A Bitcoin ETF is on its way – really. This according to a U.S. Securities and Exchange Commissioner who thinks a Bitcoin ETF will eventually become a reality. Commissioner Robert J Jackson Jr. expressed optimism about a Bitcoin ETF being on the horizon during an…
A Bitcoin ETF is on its way – really.
This according to a U.S. Securities and Exchange Commissioner who thinks a Bitcoin ETF will eventually become a reality. Commissioner Robert J Jackson Jr. expressed optimism about a Bitcoin ETF being on the horizon during an interview with Congressional Quarterly. It wasn’t slated to be made public until Feb. 11.
Regardless, details of the interview are already out after being leaked. Twitter user Drew Hinkes, from an outfit called Athena Blockchain, relayed the news via the social media platform.
Jackson told the Congressional Quarterly about how hard it is to get the SEC’s blessings of the SEC when it comes to investment vehicles like exchange-traded funds.
“Getting the stamp of approval from the deepest and most liquid capital markets in the world is hard, and it should be. Once we put the stamp of the United States Securities and Exchange Commission on an investment; once we make it available to everyday mom and pop investors, we are taking risks that Americans can get hurt.”
Jackson also addressed the various Bitcoin-related ETF applications the SEC has receives. This includes those from the Winklevoss twins – Cameron and Tyler – and the Cboe.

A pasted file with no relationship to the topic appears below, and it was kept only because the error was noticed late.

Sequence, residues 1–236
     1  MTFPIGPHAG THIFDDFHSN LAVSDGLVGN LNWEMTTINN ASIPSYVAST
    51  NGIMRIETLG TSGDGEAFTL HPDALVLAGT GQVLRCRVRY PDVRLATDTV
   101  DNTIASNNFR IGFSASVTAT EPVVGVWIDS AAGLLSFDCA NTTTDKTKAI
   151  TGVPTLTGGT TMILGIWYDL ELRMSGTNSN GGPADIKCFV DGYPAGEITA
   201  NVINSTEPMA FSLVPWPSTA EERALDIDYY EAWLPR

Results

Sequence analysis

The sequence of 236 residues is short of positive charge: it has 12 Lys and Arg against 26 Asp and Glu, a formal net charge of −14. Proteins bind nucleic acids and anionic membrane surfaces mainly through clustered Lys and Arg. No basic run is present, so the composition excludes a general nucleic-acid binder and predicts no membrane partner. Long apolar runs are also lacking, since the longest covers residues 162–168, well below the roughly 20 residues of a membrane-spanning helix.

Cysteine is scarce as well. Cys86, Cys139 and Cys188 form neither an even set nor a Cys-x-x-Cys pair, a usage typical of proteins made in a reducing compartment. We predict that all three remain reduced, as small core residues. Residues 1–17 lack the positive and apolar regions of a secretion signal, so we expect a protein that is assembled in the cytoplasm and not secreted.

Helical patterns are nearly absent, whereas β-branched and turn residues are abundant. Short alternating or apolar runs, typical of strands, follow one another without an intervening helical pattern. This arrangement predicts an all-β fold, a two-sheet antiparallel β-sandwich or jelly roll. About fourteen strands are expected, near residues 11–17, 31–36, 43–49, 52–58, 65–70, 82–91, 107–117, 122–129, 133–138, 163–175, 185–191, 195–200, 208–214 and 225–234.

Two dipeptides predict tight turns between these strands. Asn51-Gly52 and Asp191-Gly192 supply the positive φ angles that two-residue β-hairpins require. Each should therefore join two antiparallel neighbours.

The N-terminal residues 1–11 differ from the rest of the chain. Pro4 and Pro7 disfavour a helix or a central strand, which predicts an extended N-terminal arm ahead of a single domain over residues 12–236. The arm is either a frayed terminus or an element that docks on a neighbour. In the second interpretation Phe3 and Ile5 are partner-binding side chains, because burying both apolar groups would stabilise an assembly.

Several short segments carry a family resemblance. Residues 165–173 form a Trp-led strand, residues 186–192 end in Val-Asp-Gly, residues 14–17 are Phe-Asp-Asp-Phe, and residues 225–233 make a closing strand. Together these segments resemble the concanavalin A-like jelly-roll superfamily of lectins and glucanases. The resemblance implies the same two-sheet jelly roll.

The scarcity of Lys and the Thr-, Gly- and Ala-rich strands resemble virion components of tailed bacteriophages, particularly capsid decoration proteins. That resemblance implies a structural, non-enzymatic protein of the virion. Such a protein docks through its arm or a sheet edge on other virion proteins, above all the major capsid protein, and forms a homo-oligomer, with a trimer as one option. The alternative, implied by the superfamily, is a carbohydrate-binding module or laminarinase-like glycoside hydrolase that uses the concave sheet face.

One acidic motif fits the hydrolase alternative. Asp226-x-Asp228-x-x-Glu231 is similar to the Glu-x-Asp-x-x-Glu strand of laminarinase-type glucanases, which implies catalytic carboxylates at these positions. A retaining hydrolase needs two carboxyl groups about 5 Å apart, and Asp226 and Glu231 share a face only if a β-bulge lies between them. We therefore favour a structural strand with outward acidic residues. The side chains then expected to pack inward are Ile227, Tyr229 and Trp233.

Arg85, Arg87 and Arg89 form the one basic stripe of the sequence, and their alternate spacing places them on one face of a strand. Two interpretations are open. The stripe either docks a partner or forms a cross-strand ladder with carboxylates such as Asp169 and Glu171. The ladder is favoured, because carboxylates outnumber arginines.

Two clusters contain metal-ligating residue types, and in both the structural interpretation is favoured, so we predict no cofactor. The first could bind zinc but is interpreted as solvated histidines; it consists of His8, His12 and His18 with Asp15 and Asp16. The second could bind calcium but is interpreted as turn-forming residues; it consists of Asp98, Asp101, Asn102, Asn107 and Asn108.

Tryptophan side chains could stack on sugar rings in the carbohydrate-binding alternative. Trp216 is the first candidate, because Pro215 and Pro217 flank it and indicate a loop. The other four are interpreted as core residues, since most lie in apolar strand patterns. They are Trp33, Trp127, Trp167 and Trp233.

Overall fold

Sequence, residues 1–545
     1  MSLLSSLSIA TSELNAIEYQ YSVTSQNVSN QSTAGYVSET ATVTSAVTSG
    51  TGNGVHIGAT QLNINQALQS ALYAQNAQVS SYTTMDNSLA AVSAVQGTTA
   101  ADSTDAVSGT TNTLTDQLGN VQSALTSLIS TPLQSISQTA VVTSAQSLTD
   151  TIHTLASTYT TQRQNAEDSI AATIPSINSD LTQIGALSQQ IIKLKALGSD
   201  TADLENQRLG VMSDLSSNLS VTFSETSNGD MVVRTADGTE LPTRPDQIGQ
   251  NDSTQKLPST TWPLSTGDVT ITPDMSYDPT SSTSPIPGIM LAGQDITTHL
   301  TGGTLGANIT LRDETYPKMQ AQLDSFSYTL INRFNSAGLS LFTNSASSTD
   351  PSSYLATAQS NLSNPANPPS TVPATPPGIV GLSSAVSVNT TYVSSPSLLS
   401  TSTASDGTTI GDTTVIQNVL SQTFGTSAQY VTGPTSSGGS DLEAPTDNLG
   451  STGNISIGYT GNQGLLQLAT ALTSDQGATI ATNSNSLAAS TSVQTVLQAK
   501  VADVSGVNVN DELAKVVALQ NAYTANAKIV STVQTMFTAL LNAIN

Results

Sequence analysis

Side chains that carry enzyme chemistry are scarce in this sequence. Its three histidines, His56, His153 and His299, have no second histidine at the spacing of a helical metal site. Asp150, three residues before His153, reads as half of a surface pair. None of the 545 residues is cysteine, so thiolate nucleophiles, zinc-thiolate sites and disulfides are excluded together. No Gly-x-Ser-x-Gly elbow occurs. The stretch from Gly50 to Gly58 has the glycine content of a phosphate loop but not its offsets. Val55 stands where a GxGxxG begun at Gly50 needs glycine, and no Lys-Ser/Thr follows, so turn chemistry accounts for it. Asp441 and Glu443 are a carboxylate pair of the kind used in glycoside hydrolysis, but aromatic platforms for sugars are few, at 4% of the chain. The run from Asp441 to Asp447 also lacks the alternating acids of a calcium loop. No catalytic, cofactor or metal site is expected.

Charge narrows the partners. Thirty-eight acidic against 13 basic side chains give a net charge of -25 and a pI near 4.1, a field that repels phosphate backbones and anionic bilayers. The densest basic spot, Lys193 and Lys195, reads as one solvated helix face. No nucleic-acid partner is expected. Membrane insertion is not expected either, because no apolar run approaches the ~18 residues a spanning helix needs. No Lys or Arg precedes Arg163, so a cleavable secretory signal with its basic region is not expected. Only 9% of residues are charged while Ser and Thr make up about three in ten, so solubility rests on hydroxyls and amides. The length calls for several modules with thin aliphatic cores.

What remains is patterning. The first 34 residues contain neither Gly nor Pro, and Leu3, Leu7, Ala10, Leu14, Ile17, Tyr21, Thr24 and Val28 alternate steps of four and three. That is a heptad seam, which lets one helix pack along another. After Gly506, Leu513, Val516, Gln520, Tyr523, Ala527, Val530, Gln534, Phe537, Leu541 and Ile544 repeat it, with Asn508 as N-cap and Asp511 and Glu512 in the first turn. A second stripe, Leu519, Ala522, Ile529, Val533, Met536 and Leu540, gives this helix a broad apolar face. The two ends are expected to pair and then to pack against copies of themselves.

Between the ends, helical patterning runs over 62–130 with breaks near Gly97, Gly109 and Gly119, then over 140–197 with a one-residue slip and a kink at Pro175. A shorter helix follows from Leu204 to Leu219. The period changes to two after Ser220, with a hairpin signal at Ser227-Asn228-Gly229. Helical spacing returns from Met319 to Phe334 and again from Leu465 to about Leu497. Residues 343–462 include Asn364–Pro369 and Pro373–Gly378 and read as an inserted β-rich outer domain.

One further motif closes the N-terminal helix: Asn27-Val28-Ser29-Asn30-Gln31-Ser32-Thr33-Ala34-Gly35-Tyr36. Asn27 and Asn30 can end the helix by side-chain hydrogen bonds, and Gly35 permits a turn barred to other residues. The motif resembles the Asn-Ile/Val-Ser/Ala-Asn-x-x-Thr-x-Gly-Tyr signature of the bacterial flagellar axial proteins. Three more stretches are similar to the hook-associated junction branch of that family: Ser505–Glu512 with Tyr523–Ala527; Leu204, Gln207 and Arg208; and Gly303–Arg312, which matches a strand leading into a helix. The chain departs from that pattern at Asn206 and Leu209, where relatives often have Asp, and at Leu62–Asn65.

“I’m happy to say market participants have begun to come in with ideas. Whether or not we’re going to find one that really protects investors I don’t know, but I do know that that case wasn’t especially close.”
The Cboe at the end of January resubmitted its application for its VanEck SolidX Bitcoin Trust, which would allow wealthy traders and institutions to invest in bitcoin through a convenient — and familiar — investment vehicle.
CCN reported that the head of the trust, Gabor Gurbacs, announced via Twitter that its ETF was the product of “[h]ard work from all teams involved.” The Cboe withdrew the application on Jan. 23 after the U.S. government shutdown threw a monkey wrench in plans.
As that wrangling continues, Jackson said:
“Eventually, do I think someone will satisfy the standards that we’ve laid out there? I hope so, yes, and I think so.”
In January, the SEC put out a list of its priorities for 2019, and on the list are cryptos.
CCN reported that the SEC’s Office of Compliance Inspections and Examinations (OCIE) would head the effort. It will keep an eye out for such things as the ‘offer and sale, trading, and management of digital assets’.
Here’s an excerpt from the OCIE’s statement on the matter:
OCIE will take steps to identify market participants offering, selling, trading, and managing these products or considering or actively seeking to offer these products and then assess the extent of their activities. For firms actively engaged in the digital asset market, OCIE will conduct examinations focused on, among other things, portfolio management of digital assets, trading, safety of client funds and assets, pricing of client portfolios, compliance, and internal controls.